Eat, Pray, Love: Film tie-in Edition, Elizabeth Gilbert, ISBN 9781408809365
Eat, Pray, Love: Film tie-in Edition (paperback)

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by: Elizabeth Gilbert
Publisher:Penguin
ISBN: 9781408809365
List Price: Rs. 350.00
Our Price: Rs. 245.00
Pages: 384
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A funny, tender, utterly beguiling story about a woman's search for happiness-now a major motion picture starring Julia Roberts and Javier Bardem.
It’s 3 a. m. and Elizabeth Gilbert is sobbing on the bathroom floor. She’s in her thirties, she has a husband, a house, they’re trying for a baby – and she doesn’t want any of it. A bitter divorce and a turbulent love affair later, she emerges battered and bewildered and realises it is time to pursue her own journey in search of three things she has been missing: pleasure, devotion and balance. So she travels to Rome, where she learns Italian from handsome, brown-eyed identical twins and gains twenty-five pounds, an ashram in India, where she finds that enlightenment entails getting up in the middle of the night to scrub the temple floor, and Bali where a toothless medicine man of indeterminate age offers her a new path to peace: simply sit still and smile. And slowly happiness begins to creep up on her.


Media Reviews of Eat, Pray, Love: Film tie-in Edition
Millions of women have fallen for Elizabeth Gilbert's memoir of self-discovery. Why, asks Rachel Cusk, as Eat, Pray, Love opens as a Julia Roberts blockbuster.
The book's actual title, Eat, Pray, Love, is sincere, almost reverential: the function of the joke is to fumigate that sincerity regularly to allay any suspicion that the author is taking herself too seriously in her use of it. Not to mention the reader – for the words eat, pray and love might in themselves be an invocation of the lost or prohibited pleasures of femininity: hedonism, devotion, sensuality. Without quite knowing why, 21st-century woman finds this a powerful trinity to behold on the cover of a book. These monosyllables govern one another by means of an order both consolatory and somewhat foreign to modern female experience: eating first, loving last, and praying – an activity unpoliticised by the female psyche and one she might vaguely associate with being cared for, separating the two like a referee a pair of boxers in the ring.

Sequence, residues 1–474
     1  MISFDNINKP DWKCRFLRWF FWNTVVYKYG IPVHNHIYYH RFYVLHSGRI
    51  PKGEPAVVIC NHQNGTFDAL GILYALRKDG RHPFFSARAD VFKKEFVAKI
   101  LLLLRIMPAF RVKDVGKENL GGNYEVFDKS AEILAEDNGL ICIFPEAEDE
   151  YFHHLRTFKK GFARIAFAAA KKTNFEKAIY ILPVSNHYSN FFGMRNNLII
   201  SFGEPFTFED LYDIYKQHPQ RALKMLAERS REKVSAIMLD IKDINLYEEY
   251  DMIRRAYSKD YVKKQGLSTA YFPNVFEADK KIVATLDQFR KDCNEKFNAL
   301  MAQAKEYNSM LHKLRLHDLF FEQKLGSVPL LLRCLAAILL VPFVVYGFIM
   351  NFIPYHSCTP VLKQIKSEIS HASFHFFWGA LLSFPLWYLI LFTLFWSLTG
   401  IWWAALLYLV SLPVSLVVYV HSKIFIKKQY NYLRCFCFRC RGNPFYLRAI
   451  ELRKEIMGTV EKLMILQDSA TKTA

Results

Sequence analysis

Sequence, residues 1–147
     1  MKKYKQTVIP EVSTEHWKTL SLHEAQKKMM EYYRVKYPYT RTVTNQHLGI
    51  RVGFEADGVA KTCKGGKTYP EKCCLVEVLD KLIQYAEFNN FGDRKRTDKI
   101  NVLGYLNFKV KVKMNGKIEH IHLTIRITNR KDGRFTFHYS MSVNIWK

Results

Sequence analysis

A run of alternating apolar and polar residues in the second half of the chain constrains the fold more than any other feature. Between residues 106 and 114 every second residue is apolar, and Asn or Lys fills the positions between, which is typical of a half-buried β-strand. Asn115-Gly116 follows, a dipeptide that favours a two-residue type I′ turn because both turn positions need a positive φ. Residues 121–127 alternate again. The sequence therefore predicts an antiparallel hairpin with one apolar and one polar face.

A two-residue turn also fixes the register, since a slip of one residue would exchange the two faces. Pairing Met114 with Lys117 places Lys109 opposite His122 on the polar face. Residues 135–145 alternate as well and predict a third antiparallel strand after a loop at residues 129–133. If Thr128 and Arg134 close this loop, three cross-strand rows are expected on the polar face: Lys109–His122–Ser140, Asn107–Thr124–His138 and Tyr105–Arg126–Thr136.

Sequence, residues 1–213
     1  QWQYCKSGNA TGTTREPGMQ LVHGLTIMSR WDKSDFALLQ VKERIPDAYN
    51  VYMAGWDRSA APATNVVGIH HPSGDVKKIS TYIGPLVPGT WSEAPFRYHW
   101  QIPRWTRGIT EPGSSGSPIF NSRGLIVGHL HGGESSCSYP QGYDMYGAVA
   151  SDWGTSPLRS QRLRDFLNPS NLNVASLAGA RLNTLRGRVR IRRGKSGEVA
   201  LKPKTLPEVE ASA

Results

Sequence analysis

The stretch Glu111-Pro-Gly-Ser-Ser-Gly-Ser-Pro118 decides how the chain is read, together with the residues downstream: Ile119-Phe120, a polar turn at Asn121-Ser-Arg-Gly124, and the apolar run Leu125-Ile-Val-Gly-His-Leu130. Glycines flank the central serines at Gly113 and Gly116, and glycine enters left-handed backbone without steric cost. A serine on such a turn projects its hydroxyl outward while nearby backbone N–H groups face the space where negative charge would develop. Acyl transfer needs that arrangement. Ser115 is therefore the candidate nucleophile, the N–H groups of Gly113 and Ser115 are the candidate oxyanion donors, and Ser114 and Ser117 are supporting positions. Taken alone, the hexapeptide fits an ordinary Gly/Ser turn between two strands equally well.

The three words correspond to the book's three sections. These in turn refer to a highly schematised year of Gilbert's life, in which she lived consecutively in three different countries – Italy, India and Indonesia – to fulfil that title more or less on demand. In Italy she eats, in India she lives in an ashram, in Indonesia she finds physical passion, and nowhere is it suggested that fate was anything other than malleable to this plan, that Eat, Pray, Love might for instance have turned out to be a book about Catholicism, the Kama Sutra, and Balinese cookery.
Eat, Pray, Love can be placed unequivocally in this tradition. Women like this literature because it alleviates feelings of pressure without the attendant risks of rebellion or change. Nothing is lost or destroyed or interrogated by comedy, or at least not literally. Yet a book is a placement of internal material in public space. The more representative it is of what people personally feel, the more satisfying and necessary its publication.

The difference here is that the feeling and the representation are not quite the same. The suspicion arises that the female reader is being bled of her private tensions, of her rage, of her politics, in order to give the writer the attention she craves. The reader herself becomes the echo chamber; she may return to these tensions depleted by laughing at them, for if she privately experiences repugnance at her own body – for example – as unacceptable, as a form of failure, she will in some sense have betrayed herself by experiencing it publicly as success.
This voyage of self-discovery, it turns out, was a competition, at whose heart is a need to win. Gilbert refers once or twice in her book to a childhood in which she was driven to do well and achieve, and her failure to reconcile the forced fruits of female ambition with the realities of woman's destiny merely embroiders further the space between the two. Her Damascene epiphany in her New York bathroom might have led her not to break the life she had but to accept it, to exercise her capacity for devotion right there; she might have gone to Italy not to eat pasta but to acquire knowledge; she might have chosen not to live entirely and orgiastically in the personal – in pleasure – but instead to have renounced those interests in pursuit of a genuine equality.

But to say that, of course, would be to take it all much too seriously.

An Excerpt Taken from guardian.


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